This morning, dear Brothers and Sisters, our thoughts are with sixty-four French priests who died with hundreds of others on the prison ships of Rochefort. As St. Paul exhorted Timothy, they “fought the good fight of faith” [Cf. 1 Tim 6:12]. They even went through a long ordeal for having remained faithful to their faith and to the Church. If they died, it was because they insisted to the end on affirming their close communion with Pope Pius VI.
In a profound moral solitude, they took to heart the need to maintain a spirit of prayer. “Being tormented” by hunger and thirst [Cf. Lk 16:23], they had not one word of hatred for their executioners. Slowly, they allowed themselves to be identified with the sacrifice of Christ, which they celebrated by virtue of their ordination. Here they now are offered to us as a living sign of the power of Christ working in human weakness.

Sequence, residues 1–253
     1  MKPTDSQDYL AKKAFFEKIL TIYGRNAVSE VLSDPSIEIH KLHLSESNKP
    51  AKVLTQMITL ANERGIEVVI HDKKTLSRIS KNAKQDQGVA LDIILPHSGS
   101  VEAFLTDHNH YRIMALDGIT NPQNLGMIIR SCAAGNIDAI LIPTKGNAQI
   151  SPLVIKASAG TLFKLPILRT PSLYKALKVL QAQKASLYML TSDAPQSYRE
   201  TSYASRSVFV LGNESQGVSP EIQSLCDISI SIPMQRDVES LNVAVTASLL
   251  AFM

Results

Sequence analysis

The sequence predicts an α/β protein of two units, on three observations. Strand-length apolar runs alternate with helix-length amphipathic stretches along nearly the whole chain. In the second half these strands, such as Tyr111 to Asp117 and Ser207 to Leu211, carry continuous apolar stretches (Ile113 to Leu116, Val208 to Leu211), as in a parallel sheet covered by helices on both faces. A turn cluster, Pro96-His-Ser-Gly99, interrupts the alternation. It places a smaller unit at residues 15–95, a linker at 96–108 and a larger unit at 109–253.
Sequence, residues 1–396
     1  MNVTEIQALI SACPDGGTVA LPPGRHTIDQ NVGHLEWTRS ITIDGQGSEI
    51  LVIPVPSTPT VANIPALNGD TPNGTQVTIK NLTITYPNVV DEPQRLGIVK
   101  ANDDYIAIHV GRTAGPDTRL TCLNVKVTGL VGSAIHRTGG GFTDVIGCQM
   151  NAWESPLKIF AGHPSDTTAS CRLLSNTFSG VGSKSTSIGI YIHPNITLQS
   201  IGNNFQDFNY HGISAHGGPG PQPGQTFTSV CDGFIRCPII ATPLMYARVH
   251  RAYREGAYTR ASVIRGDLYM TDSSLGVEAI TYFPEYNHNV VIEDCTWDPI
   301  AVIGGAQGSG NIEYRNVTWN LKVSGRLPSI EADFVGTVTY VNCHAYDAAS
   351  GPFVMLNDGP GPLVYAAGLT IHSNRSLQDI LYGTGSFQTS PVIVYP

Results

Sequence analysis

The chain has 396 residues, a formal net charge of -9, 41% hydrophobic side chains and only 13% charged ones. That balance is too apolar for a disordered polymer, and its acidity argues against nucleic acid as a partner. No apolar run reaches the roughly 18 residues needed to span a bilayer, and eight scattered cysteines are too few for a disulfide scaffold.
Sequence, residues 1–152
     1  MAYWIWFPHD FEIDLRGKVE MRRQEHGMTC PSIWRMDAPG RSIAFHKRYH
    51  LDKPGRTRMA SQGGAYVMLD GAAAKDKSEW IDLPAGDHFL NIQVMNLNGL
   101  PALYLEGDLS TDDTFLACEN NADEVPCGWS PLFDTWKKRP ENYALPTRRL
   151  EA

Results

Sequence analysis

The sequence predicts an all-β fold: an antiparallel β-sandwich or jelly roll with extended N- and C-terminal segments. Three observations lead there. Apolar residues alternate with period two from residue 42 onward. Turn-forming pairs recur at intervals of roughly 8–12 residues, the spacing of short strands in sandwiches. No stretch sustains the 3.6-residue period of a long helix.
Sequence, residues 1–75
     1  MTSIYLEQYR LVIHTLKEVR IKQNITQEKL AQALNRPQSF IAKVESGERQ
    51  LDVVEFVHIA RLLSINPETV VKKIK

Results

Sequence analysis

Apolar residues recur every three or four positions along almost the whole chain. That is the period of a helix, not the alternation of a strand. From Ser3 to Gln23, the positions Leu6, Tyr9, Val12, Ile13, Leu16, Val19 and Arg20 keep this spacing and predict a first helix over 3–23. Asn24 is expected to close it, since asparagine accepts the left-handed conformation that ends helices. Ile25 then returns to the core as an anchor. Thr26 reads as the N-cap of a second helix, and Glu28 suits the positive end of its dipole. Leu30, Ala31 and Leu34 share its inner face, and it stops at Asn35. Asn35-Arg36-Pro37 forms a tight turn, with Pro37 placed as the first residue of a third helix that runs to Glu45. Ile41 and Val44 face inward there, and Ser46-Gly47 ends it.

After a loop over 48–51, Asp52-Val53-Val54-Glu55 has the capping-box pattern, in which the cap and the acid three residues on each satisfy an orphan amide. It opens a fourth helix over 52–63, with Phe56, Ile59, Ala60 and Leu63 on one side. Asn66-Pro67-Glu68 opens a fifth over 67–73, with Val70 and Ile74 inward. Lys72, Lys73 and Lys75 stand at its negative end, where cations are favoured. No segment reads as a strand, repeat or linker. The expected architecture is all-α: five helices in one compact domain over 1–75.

In the depths of their distress, they kept a sense of forgiveness. The unity of the faith and the unity of their homeland appeared to them as more important than anything else. We can, therefore, joyfully take up the words of Holy Scripture: the souls of these righteous men are in the hand of God. “Their departure was thought to be a disaster, and their going from us to be their destruction; but they are at peace” [Wis 3:2–3].
Saint John Paul II
Homily, Beatification of 64 Victims of the French Revolution
Sunday 1 October 1995
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